Teaching Empathy in Early Childhood

em·pa·thy
ˈempəTHē/
noun
the ability to understand and share the feelings of another.

The development of empathy can begin from a young age given the correct environment to nurture this development, alongside the cognitive ability to do so. In our diverse and constant changing world empathy is a key ingredient for the future relationships of following generations. Encouragingly, education is shining more light and awareness on this topic in the form of Social Emotional Learning (SEL), thus affording it the value it deserves in our education systems. 

How does this look in the classroom?

Developing empathy requires one to be transparent in their communication by verbalising thoughts and feelings (emotions) with reason(s). For example, ‘Sam is crying because he is feeling sad. He is feeling sad because he is missing his daddy.’ This form of open communication brings awareness to feelings (emotions) by connecting them with reasons and examples/explanations, so that an understanding can be made of who and why. Through this communication you are modelling and providing real life learning of empathy!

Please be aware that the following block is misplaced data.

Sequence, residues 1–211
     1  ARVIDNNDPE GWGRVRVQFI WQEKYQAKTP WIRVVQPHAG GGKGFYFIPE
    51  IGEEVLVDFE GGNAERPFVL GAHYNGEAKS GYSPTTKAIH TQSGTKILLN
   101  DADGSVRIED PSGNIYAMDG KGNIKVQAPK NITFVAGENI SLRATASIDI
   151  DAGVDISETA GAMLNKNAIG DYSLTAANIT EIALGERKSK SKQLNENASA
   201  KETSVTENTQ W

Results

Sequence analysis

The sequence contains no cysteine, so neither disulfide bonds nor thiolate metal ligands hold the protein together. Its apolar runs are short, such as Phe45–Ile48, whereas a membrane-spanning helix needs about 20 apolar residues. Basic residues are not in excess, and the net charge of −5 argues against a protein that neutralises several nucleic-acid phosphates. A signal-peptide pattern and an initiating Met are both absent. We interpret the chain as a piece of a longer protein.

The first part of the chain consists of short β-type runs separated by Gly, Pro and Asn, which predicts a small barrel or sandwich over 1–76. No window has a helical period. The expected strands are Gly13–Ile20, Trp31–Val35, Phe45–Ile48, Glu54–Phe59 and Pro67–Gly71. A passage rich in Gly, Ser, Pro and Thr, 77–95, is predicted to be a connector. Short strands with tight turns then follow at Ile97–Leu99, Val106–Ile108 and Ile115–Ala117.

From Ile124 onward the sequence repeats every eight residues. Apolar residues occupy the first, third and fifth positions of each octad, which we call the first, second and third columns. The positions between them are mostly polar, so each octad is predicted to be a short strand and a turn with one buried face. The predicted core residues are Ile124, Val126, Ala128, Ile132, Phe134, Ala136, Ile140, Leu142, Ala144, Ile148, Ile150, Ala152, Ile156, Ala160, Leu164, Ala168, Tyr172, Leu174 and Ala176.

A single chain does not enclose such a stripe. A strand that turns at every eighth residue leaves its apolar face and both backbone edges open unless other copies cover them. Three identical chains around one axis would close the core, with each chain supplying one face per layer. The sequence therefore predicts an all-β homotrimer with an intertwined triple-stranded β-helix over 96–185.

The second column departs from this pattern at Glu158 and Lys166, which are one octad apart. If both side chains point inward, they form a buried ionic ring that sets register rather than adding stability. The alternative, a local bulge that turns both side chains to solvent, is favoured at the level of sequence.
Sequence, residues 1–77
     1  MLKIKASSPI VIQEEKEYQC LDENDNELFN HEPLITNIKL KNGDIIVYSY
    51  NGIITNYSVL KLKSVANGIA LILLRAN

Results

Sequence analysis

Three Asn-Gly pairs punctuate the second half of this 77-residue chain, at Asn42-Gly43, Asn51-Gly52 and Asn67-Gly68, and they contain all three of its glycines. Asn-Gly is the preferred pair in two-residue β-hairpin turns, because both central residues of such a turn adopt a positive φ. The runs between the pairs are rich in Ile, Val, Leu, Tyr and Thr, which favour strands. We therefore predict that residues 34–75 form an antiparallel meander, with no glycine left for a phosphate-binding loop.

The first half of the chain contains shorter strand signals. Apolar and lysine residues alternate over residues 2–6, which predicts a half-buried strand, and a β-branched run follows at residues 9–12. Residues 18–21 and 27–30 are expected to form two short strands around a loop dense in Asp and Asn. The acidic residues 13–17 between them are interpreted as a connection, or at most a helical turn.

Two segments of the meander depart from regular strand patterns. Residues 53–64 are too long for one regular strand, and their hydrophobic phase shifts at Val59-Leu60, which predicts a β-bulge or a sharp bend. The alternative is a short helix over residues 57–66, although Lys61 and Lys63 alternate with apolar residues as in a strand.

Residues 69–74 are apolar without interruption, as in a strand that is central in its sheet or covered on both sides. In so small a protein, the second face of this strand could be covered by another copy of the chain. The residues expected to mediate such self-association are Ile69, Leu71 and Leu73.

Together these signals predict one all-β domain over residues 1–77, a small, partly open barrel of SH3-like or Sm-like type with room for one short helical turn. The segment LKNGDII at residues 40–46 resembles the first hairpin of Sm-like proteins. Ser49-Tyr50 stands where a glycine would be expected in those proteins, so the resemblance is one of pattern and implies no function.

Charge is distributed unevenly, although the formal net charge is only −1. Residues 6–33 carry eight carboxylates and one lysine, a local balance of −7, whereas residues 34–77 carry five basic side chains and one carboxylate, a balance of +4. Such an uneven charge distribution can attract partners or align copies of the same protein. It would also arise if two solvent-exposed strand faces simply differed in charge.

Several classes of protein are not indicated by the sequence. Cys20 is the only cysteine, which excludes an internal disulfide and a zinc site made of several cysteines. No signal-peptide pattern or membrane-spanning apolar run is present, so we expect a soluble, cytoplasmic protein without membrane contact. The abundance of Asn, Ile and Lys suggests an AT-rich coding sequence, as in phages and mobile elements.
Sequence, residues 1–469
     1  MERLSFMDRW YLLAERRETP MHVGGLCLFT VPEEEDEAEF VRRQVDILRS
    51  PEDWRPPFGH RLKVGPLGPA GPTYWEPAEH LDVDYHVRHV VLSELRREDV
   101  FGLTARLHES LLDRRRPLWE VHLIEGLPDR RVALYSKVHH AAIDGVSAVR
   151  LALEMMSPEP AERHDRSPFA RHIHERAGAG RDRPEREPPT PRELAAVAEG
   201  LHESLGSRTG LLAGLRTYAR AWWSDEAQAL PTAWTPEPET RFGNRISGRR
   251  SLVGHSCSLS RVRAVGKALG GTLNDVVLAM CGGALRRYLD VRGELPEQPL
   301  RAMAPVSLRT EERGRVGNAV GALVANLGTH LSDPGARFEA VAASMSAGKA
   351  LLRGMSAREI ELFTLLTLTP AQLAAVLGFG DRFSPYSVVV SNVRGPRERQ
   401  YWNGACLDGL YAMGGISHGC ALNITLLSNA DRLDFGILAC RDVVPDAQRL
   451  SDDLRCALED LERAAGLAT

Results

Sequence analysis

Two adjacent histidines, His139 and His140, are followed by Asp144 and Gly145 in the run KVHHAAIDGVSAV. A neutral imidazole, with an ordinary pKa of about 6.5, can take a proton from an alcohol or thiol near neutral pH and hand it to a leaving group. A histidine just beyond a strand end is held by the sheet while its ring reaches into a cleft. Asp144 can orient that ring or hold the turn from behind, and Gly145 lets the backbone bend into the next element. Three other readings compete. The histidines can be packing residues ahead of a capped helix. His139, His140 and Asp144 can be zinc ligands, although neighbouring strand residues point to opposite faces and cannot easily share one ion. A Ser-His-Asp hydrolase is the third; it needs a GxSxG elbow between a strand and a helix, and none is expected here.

Classroom Empathy Development Inspirations…

+ Sharing circles – encourage expression of thoughts and feelings 

+ Role play – provide resources for children to develop empathy through imaginative play

+ ‘Hello’ game – children pair up and respond to teacher prompts by sharing with each other times when they felt a certain way (e.g. Share about a time when you felt happy and why)

+ Feelings art – children create art to represent different feelings and refer to these as discussion pieces when talking about emotions in the classroom at any time

+ Class Friend – use a stuffed animal as the class friend and send home with a child each week. Include guidance in the front of the ‘Friendship Book’ for children to write/draw about what they did with the class friend that weekend, and then the child can share this with the class. (See image)

The following link from the University of Pittsburgh Office of Child Development provides further informative reading on the development of empathy: http://www.ocd.pitt.edu/Files/PDF/Foster/27758_ocd_empathy.pdf

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